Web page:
Cortisone research: a cause for side effects cleared up27/01/2019
Researchers have the cause of the side effects of cortisone preparations its security
Cortisone is used in numerous diseases successfully, however, it often comes to unwanted side effects – among other things, in the metabolism. Why this is so, could now be investigated by an international team of researchers.
Drug with a wide spectrum of application
Cortisone is prescribed by Doctors for many different diseases. It often occurs in inflammation and allergic reactions. It is applied in skin diseases, rheumatism, Asthma bonchiale, bowel diseases or Multiple sclerosis. Although nothing else has such a range of applications, but many patients have reservations or fear of the side-effects of cortisone. Researchers have now been able to elucidate the cause of certain side-effects of cortisone preparations.
Side effects in the metabolism
In patients on long-term therapy with anti-inflammatory steroids, side effects may occur in the metabolism.
Researchers at the Helmholtz Zentrum München and the Ludwig-Maximilians-University of Munich (LMU), member of the German center for diabetes research (DZD), could now be investigated, with international colleagues, a mechanism that leads to this so-called Steroid Diabetes.
The results have been published in the scientific magazine “Nature Communications”.
“Glucocorticoids, such as cortisone have been used for many decades for the treatment of inflammatory diseases such as Asthma or rheumatism, and are the most prescribed drug for anti-inflammatory treatment,” explains Prof. Dr. Henriette Uhlenhaut in a message.
“But also in autoimmune diseases, organ transplants, or cancer come to the application,” says the group leader at the Institute for Diabetes and obesity at the Helmholtz Zentrum München (IDO), as well as the gene centre of the LMU.
“According to estimates, will be treated in the Western world, between one and three percent of the people, which would correspond in Germany there are currently over a Million people.”
Their versatile use is, however, limited by various side effects that can occur in therapy. These include unwanted effects on the metabolism.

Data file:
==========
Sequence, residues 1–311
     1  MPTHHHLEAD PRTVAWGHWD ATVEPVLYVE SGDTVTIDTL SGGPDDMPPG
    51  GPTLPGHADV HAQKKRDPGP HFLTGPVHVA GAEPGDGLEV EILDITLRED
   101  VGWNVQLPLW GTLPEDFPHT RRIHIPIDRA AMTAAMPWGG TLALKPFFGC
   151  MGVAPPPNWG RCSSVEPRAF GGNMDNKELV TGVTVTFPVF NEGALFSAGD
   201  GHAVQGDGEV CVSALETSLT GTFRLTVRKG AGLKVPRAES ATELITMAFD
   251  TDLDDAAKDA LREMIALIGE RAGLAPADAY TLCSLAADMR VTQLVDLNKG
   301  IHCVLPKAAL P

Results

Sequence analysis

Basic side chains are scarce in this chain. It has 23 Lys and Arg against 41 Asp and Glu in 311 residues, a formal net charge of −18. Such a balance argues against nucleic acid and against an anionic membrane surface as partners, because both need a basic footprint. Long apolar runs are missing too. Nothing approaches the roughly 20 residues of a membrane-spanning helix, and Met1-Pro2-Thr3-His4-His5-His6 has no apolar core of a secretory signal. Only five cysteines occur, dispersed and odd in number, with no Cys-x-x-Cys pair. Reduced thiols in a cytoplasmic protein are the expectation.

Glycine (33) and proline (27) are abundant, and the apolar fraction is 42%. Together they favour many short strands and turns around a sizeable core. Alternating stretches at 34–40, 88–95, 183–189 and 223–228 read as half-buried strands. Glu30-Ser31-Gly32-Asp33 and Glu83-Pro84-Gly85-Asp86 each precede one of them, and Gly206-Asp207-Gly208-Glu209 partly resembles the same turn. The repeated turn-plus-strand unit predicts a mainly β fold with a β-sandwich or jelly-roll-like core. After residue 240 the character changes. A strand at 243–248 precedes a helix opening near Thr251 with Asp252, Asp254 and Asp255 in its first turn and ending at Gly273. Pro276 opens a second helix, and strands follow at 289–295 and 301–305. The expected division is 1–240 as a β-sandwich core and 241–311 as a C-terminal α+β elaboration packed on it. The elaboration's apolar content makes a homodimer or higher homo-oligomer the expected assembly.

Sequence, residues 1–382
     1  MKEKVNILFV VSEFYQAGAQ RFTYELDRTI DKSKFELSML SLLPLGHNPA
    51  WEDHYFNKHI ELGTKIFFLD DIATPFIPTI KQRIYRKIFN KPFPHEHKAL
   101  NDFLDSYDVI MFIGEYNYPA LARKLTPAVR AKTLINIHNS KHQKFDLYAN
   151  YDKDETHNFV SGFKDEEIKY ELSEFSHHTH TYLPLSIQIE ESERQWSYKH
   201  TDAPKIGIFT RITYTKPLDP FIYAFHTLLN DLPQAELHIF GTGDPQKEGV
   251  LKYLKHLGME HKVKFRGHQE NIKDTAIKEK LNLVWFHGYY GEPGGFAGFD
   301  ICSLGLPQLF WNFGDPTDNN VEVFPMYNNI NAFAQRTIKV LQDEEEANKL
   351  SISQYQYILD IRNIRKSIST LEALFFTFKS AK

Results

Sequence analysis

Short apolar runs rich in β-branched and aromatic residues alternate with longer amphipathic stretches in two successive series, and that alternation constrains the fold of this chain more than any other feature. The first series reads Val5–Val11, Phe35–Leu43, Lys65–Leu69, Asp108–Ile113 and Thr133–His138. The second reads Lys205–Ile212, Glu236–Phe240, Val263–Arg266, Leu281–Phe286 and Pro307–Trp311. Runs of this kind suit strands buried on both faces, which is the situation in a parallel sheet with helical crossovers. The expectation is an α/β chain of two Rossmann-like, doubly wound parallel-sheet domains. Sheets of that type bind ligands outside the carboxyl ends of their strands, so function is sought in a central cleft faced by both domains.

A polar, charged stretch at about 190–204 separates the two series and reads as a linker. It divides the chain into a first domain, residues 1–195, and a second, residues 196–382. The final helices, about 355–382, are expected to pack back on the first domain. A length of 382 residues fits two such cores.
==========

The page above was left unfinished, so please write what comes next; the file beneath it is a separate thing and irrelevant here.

Because after the glucocorticoids bind to their Receptor in the cells of the body, it begins thus, many genes on and off.
“There are also various metabolic genes, which may result in the consequence of the so-called Steroid Diabetes,” says Henriette Uhlenhaut.
New therapeutic intervention options
In the current study, her Team examined, together with colleagues from the Max-Delbrück-Centrum for Molecular medicine in Berlin, the Salk Institute in San Diego and the University of Freiburg according to the exact mechanisms, which occur after binding of the steroid to the Receptor.
“The transcription factor E47 occurred to us, together with the glucocorticoid Receptor for the altered gene expression, altered specifically in liver cells,” says Charlotte Hemmer, doctoral candidate at the IDO, and first author of the current work.
“This connection we were able to work through genome-wide analyses and genetic experiments.”
To corroborate their findings, studied the scientists of the relationships in a preclinical model.
“Indeed, the Absence of E47 led to a protection against the negative effects of glucocorticoids, during the steroid administration with intact E47 with metabolism was associated changes, such as Überzucker, elevated blood fats or fatty liver,” explains Charlotte inhibitors.
Since the components of the newly found mechanism also exist when people want to Uhlenhaut and your Team to find out together with clinical cooperation partners in the future, whether the results confirm there.
“In this case, new therapeutic intervention could be to offer ways to the side effects of Steroid therapy by safer immunosuppressants to counteract the” hopes Henriette Uhlenhaut. (ad)